Because Tracey's field trips were co-sponsored by Gallo he was always looking out for material to shop to them for possible release, but this meant that he wanted straight takes of songs without a lot of improvising: the "hit it and quit" approach appropriate to a single release. Consequently the horn players had to work their ideas into the themes, which led to a lot of tangled interplay that is reminiscent of Kid Ory and the early New Orleans sound.

De Dark Brownies, who sound like a gospel choir, only appear for one song "Hlabelani ke bafana," but it is a rollicking gem: equal parts Glenn Miller and Andrews Sisters. The lead reminds me of "Boogie Woogie Bugle Boy" while the harmony does "In the mood." Another World War II favourite pops up as "Siqonda Emaquswini," which is a remake of the catchy "Colonel Bogey." The lead interplay of three saxes is truly magical. The liner notes by Michael Baird, the series producer, are thorough, and he recounts how Tracey must have asked Musarurwa if there were other good sax players in the vicinity, because Musarurwa recommended an obscure musician in Mutare, several hundred miles away. Tracey set off with his caravan of recording trucks and a week later recorded the Umtali Chipisa Band (Umtali Budget or Discount band!). As Baird points out the banjo and drum syncopation have an almost-reggae feel to them, but other tracks on here would not be amiss in the repertoire of early Ornette Coleman. There's even hints of the early sixties Sonny Rollins. This is a great discovery and we owe it to Michael Baird for his patience and determination in not only knowing this must exist, but finding it and saving it for posterity. It's a great cap to the collection of 21 Hugh Tracey CDs released by Sharp Wood.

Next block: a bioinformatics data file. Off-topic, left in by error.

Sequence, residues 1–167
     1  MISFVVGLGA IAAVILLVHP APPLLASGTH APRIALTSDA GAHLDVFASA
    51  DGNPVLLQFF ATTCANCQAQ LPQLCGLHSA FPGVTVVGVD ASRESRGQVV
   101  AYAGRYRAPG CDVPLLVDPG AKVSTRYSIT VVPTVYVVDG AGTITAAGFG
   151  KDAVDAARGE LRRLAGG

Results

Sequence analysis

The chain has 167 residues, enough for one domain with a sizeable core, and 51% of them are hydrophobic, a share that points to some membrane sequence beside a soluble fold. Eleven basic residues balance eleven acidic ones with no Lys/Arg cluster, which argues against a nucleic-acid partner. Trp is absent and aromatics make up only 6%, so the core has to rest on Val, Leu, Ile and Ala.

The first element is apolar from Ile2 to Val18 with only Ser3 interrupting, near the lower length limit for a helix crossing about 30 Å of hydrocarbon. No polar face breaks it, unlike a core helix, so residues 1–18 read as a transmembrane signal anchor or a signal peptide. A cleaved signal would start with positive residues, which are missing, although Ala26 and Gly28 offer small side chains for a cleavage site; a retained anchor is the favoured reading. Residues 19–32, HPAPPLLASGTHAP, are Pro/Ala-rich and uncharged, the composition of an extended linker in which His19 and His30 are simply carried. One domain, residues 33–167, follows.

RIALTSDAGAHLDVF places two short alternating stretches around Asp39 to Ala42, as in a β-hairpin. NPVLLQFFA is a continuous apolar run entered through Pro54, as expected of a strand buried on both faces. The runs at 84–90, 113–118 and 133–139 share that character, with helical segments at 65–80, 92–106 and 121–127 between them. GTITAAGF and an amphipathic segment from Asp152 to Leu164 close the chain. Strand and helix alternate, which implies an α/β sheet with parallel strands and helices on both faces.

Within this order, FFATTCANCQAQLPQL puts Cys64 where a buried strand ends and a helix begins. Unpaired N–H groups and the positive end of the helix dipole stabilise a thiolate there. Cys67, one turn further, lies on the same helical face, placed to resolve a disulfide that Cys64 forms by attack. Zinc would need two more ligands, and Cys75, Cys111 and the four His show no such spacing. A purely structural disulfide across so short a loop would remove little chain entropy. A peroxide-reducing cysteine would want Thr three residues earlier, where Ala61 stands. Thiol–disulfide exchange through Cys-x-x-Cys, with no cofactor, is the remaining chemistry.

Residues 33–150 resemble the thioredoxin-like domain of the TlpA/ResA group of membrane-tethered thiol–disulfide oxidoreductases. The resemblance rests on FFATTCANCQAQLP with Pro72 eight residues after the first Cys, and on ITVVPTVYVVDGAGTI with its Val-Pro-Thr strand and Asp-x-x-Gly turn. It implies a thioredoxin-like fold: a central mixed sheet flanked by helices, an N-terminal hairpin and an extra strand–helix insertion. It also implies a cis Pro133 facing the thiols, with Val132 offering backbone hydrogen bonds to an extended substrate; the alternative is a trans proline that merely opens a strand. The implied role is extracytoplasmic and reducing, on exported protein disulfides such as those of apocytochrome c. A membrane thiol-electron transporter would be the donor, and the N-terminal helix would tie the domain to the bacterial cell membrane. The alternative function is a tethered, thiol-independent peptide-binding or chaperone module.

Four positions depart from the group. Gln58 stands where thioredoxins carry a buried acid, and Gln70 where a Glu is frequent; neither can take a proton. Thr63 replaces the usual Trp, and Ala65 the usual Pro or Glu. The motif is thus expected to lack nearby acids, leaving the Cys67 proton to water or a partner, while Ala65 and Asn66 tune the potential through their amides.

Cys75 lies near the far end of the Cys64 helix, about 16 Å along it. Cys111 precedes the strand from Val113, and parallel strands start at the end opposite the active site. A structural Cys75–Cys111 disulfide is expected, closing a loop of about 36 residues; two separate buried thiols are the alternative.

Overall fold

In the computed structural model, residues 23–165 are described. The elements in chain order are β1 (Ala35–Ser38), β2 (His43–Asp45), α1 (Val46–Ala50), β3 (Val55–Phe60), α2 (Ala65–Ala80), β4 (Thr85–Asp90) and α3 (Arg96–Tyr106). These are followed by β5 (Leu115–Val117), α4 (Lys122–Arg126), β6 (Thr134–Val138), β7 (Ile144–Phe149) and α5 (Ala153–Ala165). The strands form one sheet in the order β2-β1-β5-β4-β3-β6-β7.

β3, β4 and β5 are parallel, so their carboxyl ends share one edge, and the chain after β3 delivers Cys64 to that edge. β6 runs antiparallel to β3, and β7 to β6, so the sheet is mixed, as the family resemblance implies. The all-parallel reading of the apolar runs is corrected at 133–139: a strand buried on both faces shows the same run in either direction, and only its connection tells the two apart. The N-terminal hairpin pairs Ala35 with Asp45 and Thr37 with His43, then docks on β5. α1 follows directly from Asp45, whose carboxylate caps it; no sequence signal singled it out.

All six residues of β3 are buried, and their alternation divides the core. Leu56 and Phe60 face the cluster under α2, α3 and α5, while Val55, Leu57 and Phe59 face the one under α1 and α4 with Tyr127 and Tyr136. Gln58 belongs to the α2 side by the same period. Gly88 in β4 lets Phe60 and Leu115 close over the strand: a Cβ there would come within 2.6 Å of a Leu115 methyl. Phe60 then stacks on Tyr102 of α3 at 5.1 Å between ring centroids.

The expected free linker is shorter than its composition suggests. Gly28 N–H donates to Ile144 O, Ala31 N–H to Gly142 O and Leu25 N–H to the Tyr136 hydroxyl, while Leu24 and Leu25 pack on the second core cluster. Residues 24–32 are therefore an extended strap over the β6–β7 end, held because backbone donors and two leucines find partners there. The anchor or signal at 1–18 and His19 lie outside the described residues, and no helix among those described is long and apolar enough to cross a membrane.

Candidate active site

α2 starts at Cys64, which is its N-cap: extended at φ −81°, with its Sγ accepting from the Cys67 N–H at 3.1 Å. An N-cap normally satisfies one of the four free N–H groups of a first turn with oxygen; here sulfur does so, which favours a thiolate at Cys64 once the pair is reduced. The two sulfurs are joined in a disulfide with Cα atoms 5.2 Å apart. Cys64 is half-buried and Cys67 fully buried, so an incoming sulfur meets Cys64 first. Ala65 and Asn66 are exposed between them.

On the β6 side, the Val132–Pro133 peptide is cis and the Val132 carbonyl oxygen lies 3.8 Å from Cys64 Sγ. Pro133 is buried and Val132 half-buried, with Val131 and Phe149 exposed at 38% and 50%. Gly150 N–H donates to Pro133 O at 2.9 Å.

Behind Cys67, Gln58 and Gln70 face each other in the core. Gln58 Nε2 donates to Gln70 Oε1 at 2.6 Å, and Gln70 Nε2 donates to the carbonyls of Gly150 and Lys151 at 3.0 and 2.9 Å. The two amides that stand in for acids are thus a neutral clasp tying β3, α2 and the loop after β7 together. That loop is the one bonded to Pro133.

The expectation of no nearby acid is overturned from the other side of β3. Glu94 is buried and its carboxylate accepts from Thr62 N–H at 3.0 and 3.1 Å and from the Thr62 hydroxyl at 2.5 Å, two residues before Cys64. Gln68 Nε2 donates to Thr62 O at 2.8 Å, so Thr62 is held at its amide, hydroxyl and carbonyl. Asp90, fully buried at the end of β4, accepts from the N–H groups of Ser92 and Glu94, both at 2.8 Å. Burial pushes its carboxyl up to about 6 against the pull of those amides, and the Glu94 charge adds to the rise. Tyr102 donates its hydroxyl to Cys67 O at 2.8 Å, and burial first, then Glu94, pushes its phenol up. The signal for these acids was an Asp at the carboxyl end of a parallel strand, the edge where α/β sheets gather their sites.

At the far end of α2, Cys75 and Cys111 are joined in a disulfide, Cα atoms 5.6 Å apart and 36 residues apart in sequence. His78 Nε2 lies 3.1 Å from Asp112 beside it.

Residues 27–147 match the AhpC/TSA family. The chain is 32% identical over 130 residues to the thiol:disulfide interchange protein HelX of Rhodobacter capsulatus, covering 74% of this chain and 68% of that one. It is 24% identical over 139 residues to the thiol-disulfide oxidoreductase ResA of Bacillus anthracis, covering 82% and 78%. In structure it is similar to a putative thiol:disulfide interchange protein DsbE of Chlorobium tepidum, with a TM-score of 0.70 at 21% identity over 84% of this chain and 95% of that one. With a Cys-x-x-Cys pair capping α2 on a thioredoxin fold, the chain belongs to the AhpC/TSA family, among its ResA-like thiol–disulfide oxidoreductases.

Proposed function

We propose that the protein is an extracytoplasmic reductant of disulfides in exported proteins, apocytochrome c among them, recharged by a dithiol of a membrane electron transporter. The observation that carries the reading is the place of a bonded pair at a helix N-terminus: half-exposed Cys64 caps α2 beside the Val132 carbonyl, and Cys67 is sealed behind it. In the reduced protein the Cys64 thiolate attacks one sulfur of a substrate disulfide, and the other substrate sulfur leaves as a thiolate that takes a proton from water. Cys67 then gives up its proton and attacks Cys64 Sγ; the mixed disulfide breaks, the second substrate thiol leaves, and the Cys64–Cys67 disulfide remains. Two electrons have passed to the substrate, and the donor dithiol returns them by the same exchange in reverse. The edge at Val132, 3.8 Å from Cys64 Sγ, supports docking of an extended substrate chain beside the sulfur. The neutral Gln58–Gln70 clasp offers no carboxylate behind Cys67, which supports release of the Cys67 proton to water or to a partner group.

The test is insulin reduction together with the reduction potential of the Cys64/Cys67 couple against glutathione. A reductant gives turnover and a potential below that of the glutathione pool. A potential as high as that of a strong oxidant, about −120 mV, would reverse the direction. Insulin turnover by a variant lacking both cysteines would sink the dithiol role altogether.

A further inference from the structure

GEORGE SIBANDA
THE LEGENDARY GEORGE SIBANDA (Sharp Wood 026/HT018)